Family can sue police officer who shot deranged man after struggle
City of Burton police officer Jeremy Driggett was called to an intersection where Harvey Steward, now deceased, was running between cars and acting "crazy." Driggett approached Driggett to investigate, but when he touched Steward's shoulder, Steward turned and shoved Driggett. Driggett then took Steward down, intending to arrest him for striking an officer. It was later shown that Steward was probably struggling with a cocaine overdose.
As the two men wrestled on the ground, with Driggett dominating, a bystander saw that Driggett could not completely control Steward and placed a foot on Steward's arm. The several witnesses' testimony was not entirely consistent, but it confirmed that Steward may have attempted to grab Driggett's gun, unsuccessfully, and that after several minutes Driggett stood erect or partially erect, pulled his gun and shot Steward in the chest. Driggett later said that he was tired of fighting with Steward.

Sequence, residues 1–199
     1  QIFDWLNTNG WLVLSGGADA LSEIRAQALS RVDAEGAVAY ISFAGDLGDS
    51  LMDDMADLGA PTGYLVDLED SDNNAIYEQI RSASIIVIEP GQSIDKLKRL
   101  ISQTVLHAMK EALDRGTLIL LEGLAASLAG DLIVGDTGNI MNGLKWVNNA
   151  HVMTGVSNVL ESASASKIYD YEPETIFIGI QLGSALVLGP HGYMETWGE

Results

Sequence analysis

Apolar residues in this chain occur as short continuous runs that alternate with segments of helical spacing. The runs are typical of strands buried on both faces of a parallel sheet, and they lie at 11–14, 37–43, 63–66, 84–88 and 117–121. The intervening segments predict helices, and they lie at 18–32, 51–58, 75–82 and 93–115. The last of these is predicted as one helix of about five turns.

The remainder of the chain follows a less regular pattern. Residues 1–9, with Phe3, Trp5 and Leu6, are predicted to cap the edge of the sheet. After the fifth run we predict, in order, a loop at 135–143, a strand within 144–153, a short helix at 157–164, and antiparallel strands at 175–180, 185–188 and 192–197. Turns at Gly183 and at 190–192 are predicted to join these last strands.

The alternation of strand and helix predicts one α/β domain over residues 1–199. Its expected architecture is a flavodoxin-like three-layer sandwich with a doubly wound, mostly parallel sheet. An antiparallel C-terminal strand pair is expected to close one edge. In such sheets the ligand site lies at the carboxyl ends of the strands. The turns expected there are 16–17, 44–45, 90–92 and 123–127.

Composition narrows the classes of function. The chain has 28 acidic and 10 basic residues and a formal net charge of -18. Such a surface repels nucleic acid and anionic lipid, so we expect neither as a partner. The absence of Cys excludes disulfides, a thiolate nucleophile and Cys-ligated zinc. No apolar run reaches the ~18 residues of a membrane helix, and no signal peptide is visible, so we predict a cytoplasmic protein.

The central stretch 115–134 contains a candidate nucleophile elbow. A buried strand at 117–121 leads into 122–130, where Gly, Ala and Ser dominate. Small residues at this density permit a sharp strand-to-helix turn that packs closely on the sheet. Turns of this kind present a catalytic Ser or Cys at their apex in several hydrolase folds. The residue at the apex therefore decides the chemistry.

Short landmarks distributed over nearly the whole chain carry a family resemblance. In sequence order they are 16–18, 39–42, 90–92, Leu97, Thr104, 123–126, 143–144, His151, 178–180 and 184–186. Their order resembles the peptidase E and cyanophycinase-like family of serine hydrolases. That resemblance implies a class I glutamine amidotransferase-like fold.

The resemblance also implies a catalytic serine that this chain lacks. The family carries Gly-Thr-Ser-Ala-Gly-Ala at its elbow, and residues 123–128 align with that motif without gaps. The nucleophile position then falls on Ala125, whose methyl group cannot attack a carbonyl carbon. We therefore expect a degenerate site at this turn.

Steward bled to death at the scene and his family sued Driggett for wrongful death. The Court held that the facts didn't prove "gross negligence" by Driggett that constituted "the" cause of death, which is what it takes to avoid govermental immunity. It also held, however, that a jury could find Driggett guilty of an intentional assault and battery, since he was not in imminent danger when he used deadly force. As a result of this overly tcchnical evaluation, there might be legal responsibility without insurance coverage for a situation that appears to have been simply bad police work, perhaps caused by inadequate training.